It is straight forward to obtain the configuration using tweepy. After creating a tweepy.API instance the configuration can be retrieved by calling the
tweepy.API.configuration() method. However, the configuration will need to be stored since twitter recommends obtaining it only once a day. If you have a long running process then the configuration could be stored in memory. However, if the process runs periodically the data will need to be persisted. In the example below, I chose to store the data in a pickle file. I saved the entire configuration because it is simpler to store everything rather than picking out the t.co length values.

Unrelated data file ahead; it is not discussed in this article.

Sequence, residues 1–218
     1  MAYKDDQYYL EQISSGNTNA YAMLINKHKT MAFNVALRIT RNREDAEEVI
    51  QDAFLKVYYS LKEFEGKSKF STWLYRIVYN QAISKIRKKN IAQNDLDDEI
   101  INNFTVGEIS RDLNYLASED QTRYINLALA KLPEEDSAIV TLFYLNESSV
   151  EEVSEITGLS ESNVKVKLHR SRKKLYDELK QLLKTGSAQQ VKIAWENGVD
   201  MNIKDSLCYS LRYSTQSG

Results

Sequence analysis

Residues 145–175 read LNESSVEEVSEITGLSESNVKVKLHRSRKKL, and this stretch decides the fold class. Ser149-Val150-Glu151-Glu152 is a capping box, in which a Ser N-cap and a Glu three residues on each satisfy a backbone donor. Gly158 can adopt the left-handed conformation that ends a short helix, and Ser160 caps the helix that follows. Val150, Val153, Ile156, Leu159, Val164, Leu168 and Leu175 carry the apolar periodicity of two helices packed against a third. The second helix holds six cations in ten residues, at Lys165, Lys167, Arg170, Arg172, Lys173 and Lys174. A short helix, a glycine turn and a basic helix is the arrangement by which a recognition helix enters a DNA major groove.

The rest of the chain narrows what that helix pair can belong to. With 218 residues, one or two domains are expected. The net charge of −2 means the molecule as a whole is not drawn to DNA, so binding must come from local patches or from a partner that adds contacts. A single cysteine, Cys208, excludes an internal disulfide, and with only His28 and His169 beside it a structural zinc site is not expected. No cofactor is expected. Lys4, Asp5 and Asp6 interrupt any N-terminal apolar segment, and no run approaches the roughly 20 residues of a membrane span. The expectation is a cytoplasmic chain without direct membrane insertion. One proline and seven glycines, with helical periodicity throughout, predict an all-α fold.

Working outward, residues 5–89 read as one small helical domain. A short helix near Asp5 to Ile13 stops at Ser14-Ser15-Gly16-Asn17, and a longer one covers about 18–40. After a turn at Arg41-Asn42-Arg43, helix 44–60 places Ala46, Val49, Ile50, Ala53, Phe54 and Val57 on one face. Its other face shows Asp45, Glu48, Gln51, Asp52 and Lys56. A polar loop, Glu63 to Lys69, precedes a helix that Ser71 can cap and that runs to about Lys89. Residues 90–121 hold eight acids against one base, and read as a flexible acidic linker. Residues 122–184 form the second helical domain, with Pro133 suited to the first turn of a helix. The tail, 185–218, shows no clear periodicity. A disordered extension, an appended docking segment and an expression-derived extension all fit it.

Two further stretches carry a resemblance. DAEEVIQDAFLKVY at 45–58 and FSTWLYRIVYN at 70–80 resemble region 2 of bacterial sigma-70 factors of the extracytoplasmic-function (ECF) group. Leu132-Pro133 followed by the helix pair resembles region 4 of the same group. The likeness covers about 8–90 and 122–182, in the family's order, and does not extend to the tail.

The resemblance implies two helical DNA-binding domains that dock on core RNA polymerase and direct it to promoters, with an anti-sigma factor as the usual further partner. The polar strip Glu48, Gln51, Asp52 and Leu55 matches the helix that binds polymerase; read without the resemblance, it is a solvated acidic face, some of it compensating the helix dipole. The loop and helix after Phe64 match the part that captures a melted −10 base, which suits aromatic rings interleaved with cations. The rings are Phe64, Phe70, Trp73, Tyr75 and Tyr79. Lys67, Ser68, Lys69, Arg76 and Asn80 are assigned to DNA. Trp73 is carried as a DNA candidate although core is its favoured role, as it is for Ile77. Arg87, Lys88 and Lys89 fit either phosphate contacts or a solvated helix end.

import pickle import tweepy consumer_key = 'XXX' consumer_secret = 'XXX' access_token = 'XXX' access_token_secret = 'XXX' auth = tweepy.OAuthHandler(consumer_key, consumer_secret) auth.set_access_token(access_token, access_token_secret) api = tweepy.API(auth) config = api.configuration() with open('config.pickle', 'wb') as f: pickle.dump(config, f)
To get the t.co lengths, it is just a matter of reading the pickle file and accessing the t.co length keys.
import pickle with open('config.pickle', 'rb') as f: data = pickle.load(f) print("short url length: ", data['short_url_length']) print("https url length: ", data['short_url_length_https'])